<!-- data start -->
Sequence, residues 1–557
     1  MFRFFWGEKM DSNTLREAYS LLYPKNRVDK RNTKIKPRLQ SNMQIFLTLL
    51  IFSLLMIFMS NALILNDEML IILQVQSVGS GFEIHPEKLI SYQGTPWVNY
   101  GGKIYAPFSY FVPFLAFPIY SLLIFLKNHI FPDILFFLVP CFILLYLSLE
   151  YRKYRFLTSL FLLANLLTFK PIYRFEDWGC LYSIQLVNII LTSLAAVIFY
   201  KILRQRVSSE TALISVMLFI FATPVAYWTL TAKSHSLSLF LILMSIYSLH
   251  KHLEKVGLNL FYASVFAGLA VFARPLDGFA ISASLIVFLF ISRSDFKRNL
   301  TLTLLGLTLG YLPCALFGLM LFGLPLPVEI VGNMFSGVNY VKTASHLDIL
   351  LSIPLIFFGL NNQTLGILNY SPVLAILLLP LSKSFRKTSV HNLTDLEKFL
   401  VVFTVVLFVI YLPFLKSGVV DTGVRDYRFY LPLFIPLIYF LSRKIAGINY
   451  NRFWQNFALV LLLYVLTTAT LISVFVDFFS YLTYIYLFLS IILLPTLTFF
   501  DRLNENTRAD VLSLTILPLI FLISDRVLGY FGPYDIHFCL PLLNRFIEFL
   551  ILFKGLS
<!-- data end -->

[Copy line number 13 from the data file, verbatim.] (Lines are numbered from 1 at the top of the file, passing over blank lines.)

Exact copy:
   551  ILFKGLS